News Abortion

Is Colorado’s ‘Personhood’ Amendment a Sweeping Approach to Ban Abortion?

Jason Salzman

A measure on the Colorado ballot has been compared to “fetal homicide” laws in dozens of states, but the measure is more far-reaching, and could subject pregnant women to prosecution for everything from choosing abortion to driving without wearing a seat belt.

Read more of our articles on Amendment 67 here.

Colorado voters will decide November 4 whether to expand the definition of a person in the state’s criminal code to include “unborn human beings.”

Backers of Amendment 67 argue that they aren’t aiming to ban abortion in Colorado, and they point out that “fetal homicide” laws in 38 states have yet to result in abortion bans, including laws in 24 states that give legal rights to fetuses at early stages of development.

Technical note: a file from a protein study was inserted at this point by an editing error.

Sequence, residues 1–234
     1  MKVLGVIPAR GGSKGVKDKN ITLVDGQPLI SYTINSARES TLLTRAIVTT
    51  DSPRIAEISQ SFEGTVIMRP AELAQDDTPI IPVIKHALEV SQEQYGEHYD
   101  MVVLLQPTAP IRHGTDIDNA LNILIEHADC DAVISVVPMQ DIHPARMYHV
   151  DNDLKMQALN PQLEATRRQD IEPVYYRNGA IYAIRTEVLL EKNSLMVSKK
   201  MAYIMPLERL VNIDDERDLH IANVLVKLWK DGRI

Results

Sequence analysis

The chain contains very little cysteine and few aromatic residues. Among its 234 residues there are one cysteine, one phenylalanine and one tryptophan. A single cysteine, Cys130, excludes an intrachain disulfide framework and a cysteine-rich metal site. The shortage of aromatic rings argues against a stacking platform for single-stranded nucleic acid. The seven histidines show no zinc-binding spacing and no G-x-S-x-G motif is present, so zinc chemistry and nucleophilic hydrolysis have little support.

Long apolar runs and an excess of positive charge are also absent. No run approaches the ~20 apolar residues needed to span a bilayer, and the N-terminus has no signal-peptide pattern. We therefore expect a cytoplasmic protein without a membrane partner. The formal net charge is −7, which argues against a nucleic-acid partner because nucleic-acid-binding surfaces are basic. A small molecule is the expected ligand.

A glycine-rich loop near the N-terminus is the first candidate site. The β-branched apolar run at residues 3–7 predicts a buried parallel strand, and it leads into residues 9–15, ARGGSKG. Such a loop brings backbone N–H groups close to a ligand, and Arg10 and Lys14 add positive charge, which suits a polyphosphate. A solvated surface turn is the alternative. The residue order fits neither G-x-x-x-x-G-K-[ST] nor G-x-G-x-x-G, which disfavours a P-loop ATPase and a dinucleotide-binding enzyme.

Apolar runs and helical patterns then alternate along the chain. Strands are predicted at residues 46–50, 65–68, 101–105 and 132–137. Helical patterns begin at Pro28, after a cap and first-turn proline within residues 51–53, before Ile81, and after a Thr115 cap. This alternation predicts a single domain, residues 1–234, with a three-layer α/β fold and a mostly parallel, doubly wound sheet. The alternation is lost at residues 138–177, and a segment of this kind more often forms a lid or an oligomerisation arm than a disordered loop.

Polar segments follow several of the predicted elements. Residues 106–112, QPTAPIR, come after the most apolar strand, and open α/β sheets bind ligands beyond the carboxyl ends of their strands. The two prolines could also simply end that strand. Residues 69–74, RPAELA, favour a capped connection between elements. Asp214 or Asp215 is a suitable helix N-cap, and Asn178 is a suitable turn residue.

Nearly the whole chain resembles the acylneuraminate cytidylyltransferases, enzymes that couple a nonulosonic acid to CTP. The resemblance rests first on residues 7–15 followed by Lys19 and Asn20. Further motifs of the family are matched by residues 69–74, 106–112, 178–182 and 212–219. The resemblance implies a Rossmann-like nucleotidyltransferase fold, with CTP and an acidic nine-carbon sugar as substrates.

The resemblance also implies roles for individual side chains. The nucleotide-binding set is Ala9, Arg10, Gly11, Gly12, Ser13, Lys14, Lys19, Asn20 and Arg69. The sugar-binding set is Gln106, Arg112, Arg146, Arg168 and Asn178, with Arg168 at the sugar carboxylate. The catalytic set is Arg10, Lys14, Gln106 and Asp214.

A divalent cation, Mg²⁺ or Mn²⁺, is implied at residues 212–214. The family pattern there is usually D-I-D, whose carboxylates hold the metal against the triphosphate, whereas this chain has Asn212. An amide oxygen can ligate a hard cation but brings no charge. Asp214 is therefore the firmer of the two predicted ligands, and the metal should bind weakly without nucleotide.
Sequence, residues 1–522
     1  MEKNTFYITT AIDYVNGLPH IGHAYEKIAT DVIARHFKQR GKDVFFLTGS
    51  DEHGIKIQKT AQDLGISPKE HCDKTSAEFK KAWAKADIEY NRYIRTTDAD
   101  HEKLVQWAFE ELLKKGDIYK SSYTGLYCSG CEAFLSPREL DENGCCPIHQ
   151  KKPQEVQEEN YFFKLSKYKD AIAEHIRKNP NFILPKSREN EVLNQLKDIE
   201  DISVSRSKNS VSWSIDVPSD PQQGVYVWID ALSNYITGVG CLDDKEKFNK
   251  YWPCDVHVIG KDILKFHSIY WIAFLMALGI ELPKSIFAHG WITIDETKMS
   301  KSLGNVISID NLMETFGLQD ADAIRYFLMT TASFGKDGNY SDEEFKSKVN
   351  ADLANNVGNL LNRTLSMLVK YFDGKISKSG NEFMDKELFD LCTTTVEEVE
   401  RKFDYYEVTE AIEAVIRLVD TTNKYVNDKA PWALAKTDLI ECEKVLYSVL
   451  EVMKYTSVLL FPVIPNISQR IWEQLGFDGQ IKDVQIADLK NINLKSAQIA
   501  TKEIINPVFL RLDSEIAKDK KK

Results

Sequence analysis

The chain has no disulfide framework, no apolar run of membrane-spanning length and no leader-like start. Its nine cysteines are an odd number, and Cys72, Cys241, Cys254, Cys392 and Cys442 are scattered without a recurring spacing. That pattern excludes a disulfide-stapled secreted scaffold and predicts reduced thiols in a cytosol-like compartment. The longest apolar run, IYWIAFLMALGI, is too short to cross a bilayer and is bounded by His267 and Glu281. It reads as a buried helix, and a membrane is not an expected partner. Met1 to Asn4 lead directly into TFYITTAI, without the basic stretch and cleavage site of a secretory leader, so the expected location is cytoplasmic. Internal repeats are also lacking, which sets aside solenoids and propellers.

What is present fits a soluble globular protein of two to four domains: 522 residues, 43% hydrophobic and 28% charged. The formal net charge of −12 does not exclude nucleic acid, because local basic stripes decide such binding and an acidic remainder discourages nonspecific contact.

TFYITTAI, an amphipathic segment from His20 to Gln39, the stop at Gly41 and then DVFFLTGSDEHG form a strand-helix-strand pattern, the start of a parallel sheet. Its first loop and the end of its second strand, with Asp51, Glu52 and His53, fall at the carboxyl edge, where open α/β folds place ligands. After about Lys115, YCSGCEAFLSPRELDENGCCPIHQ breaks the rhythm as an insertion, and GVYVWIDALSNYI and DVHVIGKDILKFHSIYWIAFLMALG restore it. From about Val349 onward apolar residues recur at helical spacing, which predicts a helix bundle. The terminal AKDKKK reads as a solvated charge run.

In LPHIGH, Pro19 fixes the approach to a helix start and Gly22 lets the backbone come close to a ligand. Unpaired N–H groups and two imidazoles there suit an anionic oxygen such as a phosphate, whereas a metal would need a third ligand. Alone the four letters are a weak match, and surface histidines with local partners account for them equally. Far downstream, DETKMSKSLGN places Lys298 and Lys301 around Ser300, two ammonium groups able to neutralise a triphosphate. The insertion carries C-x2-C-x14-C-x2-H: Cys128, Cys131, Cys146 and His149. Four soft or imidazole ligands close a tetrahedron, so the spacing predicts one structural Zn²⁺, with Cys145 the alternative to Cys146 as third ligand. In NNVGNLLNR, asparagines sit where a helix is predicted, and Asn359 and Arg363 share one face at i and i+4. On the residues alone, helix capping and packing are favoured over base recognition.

But in a visit to Colorado during a campaign against the initiative, Lynn Paltrow, director of National Advocates for Pregnant Women, told reporters that Colorado’s Amendment 67 should not be compared to “fetal homicide” laws in other states because it’s unique among existing state laws in subjecting pregnant women to prosecution for almost any crime on the books.

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This is in stark contrast to other state “fetal homicide” laws that amend a small number of statutes, and many that explicitly exempt abortion as a reason for prosecution or exclude pregnant women as perpetrators.

“Amendment 67 is an entire overhaul of the criminal code,” Paltrow said. “That’s every statute.”

Paltrow presented a series of slides during a presentation with the text of common criminal statutes in Colorado: murder, manslaughter, vehicular homicide, reckless endangerment.

She replaced the words “person” or “child” with “unborn human being.”